Copycat corruption: FDA’s sneak attack on supplements industry

The long-awaited FDA deeming regulations of May 2016 took the vaping industry by storm, and now the federal agency is seemingly using copycat strategies to target the dietary supplements industry.  The game-changing Dietary Supplement Health and Education Act of 1994 (DSHEA) is some 22-years old, but there has always been a great deal of confusion surrounding compliance issues for retailers and manufacturers.  Finally, and without any warning, the FDA released an updated Draft Guidance just last week that appears to be bad news for the supplements industry.

Unfortunately, many of the new provisions tend to favor Big Pharma, much like the FDA deeming regulations. One of the major points of contention regarding the wording of DSHEA is the included new dietary ingredient (NDI) provisions.  In layman’s terms, “new dietary ingredient” is simply FDA jargon for “new dietary supplement.”  And as the vaping industry is well aware, the FDA has a strong dislike for grandfather clauses that favor existing products.  The new DSHEA Draft Guidance appears to be no different.

Key Highlights of the new DSHEA Draft Guidance for the supplements industry:

  • New dietary supplements must submit an NDI notification to the FDA. The NDI notification process is costly and time-consuming, which is strikingly similar to the Pre-Market Tobacco Application (PMTA) process for the vaping industry.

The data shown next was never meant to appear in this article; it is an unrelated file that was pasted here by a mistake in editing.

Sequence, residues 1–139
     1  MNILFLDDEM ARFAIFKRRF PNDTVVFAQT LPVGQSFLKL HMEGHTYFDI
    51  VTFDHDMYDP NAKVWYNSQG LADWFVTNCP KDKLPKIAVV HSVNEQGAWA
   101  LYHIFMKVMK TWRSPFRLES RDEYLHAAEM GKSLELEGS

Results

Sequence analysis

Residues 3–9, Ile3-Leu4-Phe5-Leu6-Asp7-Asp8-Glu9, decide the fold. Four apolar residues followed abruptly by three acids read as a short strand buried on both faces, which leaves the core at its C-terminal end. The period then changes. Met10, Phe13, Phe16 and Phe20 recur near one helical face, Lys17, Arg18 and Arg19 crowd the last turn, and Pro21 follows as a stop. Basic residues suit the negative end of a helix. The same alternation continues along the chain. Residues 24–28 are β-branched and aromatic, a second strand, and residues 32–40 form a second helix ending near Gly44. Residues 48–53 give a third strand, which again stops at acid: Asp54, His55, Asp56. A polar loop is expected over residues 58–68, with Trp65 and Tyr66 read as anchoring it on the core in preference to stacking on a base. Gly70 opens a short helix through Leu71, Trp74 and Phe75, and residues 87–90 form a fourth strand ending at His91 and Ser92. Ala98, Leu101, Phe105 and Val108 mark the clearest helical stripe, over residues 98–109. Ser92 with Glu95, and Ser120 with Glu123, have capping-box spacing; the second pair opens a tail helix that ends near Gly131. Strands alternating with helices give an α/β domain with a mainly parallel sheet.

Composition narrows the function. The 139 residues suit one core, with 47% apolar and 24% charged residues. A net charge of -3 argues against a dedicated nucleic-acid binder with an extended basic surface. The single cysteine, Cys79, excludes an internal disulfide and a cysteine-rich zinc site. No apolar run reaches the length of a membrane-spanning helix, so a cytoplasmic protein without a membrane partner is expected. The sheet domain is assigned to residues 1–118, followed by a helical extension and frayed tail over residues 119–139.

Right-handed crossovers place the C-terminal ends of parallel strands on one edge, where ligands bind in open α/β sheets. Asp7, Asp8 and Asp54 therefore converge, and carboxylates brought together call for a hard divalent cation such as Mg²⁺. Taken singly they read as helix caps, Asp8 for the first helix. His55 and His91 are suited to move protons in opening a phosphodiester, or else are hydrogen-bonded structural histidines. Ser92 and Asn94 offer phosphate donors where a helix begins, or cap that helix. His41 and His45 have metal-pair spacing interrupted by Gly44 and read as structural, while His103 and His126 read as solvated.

• The FDA will then provide a list of safety studies that the manufacturer must also submit for final FDA approval at a later date.
  • Some of these “safety studies” are not even required for pharmaceutical drugs.
  • Another provision of the DSHEA Draft Guidance states that new safety studies many be required in the future if the target consumer demographic of the supplement changes. For example, if the NDI notification is approved for adult consumers and then teenagers all of a sudden begin buying the product, then the NDI notification process starts all over again.
  • Dietary ingredients that were marketed or contained in dietary supplements before 1994 are grandfathered and do not require an NDI notification.
  • This 22-year old grandfather date is also very similar to the predicate date of February 15, 2007 for the FDA deeming regulations, largely considered the initial start date of the entire vaping movement.

The newly released DSHEA Draft Guidance also discusses investigational new drugs (INDs) which only adds to the confusion of the regulations even more.  INDs refer to new drugs while NDIs refer to new supplements.  The remarkable parallels between the newly released DSHEA Draft Guidance and the FDA deeming regulations is uncanny.  And coincidentally, they both tend to favor Big Pharma over the vaping or supplements industries.  This is copycat corruption at its most devious.


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